Contents Introduction 1 2 3 4 5 6 7 8
A Pioneer’s Origins; First Flight 11 1909: The Struggle to Fly 28 1910: An Accomplished Pilot 41 1911: Teaching the Navy and Army to Fly; Multiple-engine Aeroplanes 59 1912: Waterwings 79 1913: Successful Negotiations; Unsuccessful Aeroplanes 109 1914: The Nile Expedition and the Last Peacetime Flights 127 McClean’s Post-flying Activities 160 Appendix: Frank McClean’s Aeroplanes, 1909–1914 Bibliography Index
176 178 182
1909: The Struggle to Fly
tween Leysdown (Shellbeach) and Shellness Point (also called Shelness Point and later Shell Ness) on the Isle of Sheppey, Kent. Through
n January 1909, as Oswald Short’s entry in the company’s order book records, McClean ordered ‘One aeroplane complete (Shorts No 1)’ from Short Bros. This was to be the first aircraft designed by Horace for the company. In February the Aero Club’s first ‘aerodrome’ was opened on a tract of level marshland be-
The Short Brothers’ aeroplane works at Leysdown, Sheppey, in 1909. The site soon proved problematical and the factory was relocated to Eastchurch. (AUTHOR)
SCALE IN MILES
WEST WES MINSTER
EAST END WARDEN POINT
QUEENBO QUEENBOROUGH ORO OUG
ELM MLE EY ISLAND SHELL BEACH
THE SW A
EASTCHURCH WIN DM ILL CRE EK
HARTY SHELL NESS H ARTY HA Y
WA EAST S
1909: THE STRUGGLE TO FLY
McCleanâ€™s Short No 1 under construction. This was the very first aeroplane built by the Short Brothers, but unfortunately it proved not to be the success that was anticipated. (AUTHOR)
THE GODFATHER TO NAVAL AVIATION
The temporary encampment at Lodmore early in May 1912, in readiness for the Naval Review at Weymouth. A Nieuport monoplane and a Deperdussin monoplane with flotation bags are in the foreground, and a Short biplane, also fitted with flotation bags, is behind them. (AUTHOR)
crying British design and ability are likely to receive something of a shock when some of the latest Short products “take the air,” or the water, as the case may be’. Early in May one Short biplane, a Short monoplane, a Deperdussin monoplane and a Nieuport monoplane were temporarily encamped at Lodmore, and a Short tractor biplane at Portland, in preparation for the Naval Review at Weymouth. The battleship HMS Hibernia had been fitted with a scaffolding arrangement extending from the top of the forward turret to the bow, from which an aeroplane was to be launched. The structure took the form of two parallel troughs in which the aeroplane’s wheels ran. As The Aeroplane pointed out, this was hardly a practical fitting for war purposes, as it effectively put the two 12in guns in the forward turret out of action and reduced the arc of fire of the two forward 9.2in guns by half. But the arrangement was intended purely for demonstration purposes. Hibernia arrived at Portland with four aircraft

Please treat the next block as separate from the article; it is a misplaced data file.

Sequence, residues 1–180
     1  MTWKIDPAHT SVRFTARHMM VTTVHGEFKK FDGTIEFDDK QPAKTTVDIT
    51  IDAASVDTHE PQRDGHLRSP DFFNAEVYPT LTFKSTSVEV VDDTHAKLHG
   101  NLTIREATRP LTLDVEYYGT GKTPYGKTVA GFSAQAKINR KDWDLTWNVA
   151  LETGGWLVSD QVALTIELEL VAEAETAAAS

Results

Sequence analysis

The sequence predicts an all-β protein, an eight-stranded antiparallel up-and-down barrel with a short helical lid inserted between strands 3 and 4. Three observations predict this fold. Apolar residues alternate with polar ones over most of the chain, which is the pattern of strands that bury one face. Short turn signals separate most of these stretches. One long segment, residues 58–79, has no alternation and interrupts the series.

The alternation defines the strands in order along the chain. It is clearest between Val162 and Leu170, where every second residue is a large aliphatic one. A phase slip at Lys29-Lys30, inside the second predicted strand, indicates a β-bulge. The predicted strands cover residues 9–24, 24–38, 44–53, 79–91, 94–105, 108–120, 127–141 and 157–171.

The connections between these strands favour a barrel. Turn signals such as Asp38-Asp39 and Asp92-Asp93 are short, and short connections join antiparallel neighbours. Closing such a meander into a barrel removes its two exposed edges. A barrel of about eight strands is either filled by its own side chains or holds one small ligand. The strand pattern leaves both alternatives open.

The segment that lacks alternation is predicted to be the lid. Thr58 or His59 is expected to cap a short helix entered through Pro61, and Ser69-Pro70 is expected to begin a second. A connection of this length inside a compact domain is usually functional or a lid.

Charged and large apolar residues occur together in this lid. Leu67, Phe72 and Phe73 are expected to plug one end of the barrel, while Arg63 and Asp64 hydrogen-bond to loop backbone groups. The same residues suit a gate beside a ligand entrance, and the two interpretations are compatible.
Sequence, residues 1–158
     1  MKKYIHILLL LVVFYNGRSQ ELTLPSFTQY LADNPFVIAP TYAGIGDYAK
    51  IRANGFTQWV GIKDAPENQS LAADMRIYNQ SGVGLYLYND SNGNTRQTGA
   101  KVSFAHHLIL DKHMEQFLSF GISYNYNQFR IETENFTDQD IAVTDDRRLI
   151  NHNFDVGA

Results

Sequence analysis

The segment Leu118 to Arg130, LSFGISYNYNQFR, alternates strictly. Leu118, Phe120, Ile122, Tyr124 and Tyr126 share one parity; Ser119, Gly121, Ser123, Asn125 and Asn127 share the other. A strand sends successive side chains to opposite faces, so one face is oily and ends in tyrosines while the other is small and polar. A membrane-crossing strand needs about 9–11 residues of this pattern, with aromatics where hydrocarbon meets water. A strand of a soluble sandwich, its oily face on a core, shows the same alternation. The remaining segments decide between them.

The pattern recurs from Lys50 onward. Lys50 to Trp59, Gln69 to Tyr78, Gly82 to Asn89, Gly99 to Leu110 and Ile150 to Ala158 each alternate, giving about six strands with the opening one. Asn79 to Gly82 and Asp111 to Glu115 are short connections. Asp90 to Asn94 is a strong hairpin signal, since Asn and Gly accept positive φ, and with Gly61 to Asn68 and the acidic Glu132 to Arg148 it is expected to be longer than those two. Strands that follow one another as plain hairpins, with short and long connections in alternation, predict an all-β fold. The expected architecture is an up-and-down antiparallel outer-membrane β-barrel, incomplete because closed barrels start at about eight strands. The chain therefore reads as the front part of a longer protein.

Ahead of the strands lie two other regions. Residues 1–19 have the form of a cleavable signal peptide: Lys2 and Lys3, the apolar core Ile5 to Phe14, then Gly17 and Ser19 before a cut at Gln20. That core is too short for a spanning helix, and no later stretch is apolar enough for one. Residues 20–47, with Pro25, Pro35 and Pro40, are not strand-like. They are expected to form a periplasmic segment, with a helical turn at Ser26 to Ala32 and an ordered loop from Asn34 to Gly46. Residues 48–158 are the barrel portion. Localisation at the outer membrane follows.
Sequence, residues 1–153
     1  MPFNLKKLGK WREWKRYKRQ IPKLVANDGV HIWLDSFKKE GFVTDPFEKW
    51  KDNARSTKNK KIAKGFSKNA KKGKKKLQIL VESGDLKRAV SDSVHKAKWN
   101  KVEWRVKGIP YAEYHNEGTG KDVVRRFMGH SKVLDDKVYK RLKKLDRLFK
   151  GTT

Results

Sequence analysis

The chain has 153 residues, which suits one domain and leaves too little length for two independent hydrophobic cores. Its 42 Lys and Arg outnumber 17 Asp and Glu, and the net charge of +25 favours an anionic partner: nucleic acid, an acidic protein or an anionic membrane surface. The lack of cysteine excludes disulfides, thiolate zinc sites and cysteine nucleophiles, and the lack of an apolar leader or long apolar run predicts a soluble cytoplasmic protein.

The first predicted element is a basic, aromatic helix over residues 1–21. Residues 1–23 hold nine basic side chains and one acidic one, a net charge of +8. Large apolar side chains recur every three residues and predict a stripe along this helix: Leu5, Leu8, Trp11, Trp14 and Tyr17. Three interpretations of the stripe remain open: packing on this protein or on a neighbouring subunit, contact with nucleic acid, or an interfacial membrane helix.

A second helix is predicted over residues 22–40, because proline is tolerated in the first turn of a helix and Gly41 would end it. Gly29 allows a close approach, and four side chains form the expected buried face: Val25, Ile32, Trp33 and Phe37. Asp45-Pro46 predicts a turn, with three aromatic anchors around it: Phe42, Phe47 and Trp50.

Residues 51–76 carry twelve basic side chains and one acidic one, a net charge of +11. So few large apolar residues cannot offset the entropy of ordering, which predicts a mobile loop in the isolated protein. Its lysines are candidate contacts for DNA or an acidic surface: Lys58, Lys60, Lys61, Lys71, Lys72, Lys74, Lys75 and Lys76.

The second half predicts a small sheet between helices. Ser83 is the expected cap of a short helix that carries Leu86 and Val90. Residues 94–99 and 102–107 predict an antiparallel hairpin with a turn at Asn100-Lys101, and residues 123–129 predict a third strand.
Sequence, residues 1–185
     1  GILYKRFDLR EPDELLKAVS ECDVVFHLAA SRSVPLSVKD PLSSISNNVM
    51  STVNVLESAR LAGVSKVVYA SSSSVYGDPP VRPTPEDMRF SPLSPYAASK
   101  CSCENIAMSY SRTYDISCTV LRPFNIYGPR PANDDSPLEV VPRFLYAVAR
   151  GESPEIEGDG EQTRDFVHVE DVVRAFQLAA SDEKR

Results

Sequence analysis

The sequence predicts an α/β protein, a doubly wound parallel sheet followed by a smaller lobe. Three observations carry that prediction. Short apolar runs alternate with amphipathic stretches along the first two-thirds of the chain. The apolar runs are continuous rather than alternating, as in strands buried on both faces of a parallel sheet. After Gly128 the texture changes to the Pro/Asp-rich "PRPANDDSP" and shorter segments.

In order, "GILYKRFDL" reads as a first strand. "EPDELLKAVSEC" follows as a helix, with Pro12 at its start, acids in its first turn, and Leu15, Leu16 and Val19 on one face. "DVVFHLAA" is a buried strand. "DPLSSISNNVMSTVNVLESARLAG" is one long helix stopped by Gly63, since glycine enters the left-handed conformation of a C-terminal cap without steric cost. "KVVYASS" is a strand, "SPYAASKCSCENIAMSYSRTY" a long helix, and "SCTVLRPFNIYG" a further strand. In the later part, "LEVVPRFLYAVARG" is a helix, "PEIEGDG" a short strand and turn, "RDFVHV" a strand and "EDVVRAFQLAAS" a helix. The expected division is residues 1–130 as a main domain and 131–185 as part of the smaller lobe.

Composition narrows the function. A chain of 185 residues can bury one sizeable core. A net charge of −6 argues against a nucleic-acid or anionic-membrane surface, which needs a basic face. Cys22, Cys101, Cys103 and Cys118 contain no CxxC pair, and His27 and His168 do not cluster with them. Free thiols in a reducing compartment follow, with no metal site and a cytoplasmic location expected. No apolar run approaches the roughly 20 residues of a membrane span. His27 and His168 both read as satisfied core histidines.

On 18 May 1912, shortly after the Weymouth review, Lieutenant (Acting Commander) Charles Rumney Samson was appointed Commandant of the RFC’s Naval Wing. Many years later Samson stated that McClean’s generosity ‘started the Navy flying’. (AUTHOR)
aboard and three were offloaded on Friday 3 May, whereupon Commander Samson immediately tested ‘HMS “Amphibian”’, alias the Short S.41 100hp tractor biplane recently built for the navy, fitted with three torpedo-shaped floats to make it into a ‘hydro-biplane’. He entered the water from the boat-slip in front of the hangar at Portland, circled the Fleet at anchor and returned to his starting point. He made three trips on the following day, and on Monday flew twelve miles out to sea to meet the incoming fleet and escort them in. Despite fog, various flights were conducted on the 8th, including bomb-dropping demonstrations. In the evening of Thursday 9 May Samson flew the float-equipped S.38 pusher biplane from Hibernia’s launching platform and flew round the bay before landing at Lodmore.